As the anniversary of the massive Sony breach approaches, the magnitude and devastation of the hack continues to reverberate with the threats U.S. government agencies and enterprises consistently face. We should be cognizant that Sony was not alone.
A recent Trend Micro report, “Cybersecurity and Critical Infrastructure Protection in the Americas,” polled more than 500 CISOs from Argentina to Canada and revealed an ominous phenomenon. Forty four percent of respondents acknowledged that they have experienced a “delete and destroy” attack in 2015. Within the Western Hemisphere it’s clear that punitive attacks have metastasized. In a hearing earlier this month, U.S. Director of National Intelligence James Clapper stated that he believes “the next push on the envelope is going to be the manipulation or the deletion of data.”
Director Clapper is well aware asymmetrical cyber capabilities are being distributed widely. The major dark web forums are exporting destructive payloads including Shamoon, Destover and Cryptowall. As a result, cybercriminals are devising sophisticated and damaging attacks. We have observed that secondary infections are manifesting in numerous targeted attacks. These secondary infections have the capability of deploying disruptive or, often times, destructive malware that could destroy the integrity of information. This punitive tactic is employed to counter incident response.
Security analysts are left wondering if destructive secondary infections are a reaction by adversaries to try and “burn the house down” after it has been pilfered. Alternatively, detonation might be the hallmark of hacktivists purposefully attempting to destroy and/or manipulate the integrity of data. Without question, there’s a movement afoot to hinder, if not completely disrupt, the capacity of incident responders to react to cyber events.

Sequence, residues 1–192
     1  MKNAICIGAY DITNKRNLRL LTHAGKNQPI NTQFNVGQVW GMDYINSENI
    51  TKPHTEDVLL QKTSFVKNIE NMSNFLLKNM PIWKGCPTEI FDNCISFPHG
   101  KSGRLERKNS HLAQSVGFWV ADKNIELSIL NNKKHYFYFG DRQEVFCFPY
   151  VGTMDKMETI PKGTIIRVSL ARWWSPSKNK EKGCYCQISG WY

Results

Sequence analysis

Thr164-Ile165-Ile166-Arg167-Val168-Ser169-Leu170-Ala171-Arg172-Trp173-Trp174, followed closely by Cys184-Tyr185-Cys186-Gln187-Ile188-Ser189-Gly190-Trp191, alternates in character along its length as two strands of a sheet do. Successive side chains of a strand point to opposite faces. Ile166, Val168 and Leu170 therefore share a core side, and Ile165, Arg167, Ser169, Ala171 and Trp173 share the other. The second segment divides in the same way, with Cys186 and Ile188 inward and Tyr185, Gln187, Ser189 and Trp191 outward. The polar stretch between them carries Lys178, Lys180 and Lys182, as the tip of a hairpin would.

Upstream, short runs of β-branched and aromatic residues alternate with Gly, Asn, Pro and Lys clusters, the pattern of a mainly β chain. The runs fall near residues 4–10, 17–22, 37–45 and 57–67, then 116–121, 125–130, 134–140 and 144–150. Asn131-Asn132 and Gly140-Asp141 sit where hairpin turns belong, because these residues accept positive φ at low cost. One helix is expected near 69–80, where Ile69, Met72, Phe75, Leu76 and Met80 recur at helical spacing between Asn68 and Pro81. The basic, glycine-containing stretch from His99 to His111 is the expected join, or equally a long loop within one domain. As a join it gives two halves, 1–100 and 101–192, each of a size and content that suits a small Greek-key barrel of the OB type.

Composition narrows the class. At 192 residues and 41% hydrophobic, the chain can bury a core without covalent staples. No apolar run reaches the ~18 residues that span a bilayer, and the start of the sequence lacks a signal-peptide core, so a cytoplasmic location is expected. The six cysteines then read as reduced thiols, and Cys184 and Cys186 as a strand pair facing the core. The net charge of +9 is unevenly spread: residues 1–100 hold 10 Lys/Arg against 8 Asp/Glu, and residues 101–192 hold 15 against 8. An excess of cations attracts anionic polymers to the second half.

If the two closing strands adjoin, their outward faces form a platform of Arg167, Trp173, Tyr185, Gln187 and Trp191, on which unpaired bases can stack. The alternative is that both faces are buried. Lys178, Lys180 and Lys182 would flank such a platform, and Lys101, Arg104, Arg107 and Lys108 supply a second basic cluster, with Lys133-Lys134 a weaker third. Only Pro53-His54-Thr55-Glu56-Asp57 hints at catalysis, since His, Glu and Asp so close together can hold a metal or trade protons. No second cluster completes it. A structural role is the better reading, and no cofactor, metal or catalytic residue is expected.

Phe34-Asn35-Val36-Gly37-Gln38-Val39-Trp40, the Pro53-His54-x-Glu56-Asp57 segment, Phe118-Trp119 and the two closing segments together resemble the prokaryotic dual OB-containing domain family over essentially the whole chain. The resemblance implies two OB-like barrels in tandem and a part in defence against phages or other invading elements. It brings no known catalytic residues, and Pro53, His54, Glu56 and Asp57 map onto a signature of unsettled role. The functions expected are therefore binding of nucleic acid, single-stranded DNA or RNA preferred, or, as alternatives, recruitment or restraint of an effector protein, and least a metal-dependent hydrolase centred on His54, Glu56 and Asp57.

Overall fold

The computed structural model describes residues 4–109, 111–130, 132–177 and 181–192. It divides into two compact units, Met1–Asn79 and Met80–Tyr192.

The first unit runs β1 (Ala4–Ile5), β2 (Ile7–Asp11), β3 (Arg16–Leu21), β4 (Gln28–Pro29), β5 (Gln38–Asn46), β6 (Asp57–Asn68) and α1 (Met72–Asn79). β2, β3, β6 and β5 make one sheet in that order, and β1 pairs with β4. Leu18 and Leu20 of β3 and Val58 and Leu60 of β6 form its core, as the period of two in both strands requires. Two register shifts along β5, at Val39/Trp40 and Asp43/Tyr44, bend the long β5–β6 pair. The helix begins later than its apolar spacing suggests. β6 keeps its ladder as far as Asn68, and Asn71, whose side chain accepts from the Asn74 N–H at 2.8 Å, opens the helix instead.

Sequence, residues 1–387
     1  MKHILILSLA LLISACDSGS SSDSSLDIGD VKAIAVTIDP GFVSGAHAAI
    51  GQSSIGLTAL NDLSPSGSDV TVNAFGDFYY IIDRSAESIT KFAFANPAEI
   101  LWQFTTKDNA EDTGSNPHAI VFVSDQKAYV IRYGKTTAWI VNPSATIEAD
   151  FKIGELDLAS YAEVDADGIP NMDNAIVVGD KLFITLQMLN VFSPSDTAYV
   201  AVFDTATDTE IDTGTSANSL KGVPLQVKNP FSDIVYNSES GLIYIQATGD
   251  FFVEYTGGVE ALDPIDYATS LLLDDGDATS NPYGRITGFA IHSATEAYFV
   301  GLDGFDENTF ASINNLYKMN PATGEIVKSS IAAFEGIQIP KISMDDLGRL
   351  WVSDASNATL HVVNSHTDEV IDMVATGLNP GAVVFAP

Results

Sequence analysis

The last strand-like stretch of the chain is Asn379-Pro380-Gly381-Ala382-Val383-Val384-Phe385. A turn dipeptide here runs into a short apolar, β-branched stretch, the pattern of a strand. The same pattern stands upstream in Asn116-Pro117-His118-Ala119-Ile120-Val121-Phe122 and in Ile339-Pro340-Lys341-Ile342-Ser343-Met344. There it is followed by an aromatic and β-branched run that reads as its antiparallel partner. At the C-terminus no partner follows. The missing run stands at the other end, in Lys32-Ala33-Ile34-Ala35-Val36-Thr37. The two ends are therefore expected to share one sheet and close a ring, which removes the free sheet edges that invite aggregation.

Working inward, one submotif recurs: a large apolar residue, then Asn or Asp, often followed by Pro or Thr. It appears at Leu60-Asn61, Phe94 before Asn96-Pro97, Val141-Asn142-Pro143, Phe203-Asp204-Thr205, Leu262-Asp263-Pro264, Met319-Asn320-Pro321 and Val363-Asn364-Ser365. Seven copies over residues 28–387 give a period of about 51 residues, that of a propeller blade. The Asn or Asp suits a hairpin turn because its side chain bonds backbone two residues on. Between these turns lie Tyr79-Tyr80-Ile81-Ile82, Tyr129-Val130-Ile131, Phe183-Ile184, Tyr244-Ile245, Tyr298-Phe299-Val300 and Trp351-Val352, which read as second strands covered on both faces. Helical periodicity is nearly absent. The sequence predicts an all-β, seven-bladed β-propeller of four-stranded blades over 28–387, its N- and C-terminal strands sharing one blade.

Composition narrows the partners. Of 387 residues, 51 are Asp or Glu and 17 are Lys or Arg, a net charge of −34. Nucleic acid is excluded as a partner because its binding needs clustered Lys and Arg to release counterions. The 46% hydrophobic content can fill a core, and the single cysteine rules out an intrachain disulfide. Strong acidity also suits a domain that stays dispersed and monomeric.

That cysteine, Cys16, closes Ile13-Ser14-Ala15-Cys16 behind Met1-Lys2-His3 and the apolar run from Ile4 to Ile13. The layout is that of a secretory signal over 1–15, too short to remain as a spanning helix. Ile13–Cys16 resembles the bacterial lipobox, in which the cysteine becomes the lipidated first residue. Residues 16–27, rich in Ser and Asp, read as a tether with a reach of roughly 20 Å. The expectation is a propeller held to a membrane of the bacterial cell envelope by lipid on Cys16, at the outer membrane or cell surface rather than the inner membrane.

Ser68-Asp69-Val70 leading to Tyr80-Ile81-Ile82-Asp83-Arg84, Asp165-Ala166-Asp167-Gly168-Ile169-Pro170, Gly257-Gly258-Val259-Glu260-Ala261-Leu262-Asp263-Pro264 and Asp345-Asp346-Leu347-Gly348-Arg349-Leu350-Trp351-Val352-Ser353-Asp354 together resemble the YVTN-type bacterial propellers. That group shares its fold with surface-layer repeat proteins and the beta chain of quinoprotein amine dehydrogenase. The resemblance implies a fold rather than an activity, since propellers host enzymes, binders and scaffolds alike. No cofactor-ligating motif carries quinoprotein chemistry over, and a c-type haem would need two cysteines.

The free fire zone of cyberspace has become dramatically more hostile. In order to successfully thwart this ominous phenomenon, the ‘dwell-time,’ or the amount of time an adversary resides in a system, needs to be dramatically decreased and incident response times improved. The only way this can be accomplished is through integrating breach detection systems with SIEMS and IPS systems.
Rather than having human beings sitting at terminals, machine-to-machine integration would be much more effective. Furthermore, immediately terminating command and control is not always the solution, considering most campaigns include multiple and dynamic C2. Termination of the initial C2 will alert the criminals that they are being surveilled.
Offense must inform defense. Cybersecurity professionals approach these adversaries with stealth to defend against an attack. By adopting more surreptitious monitoring and isolation methods to keep perpetrators at bay, security teams can be better positioned to gain an advantage in the ongoing cat-and-mouse game that continues to evolve in sophistication and aggression. When suffering a virtual home invasion, it is sometimes best not to make your presence known.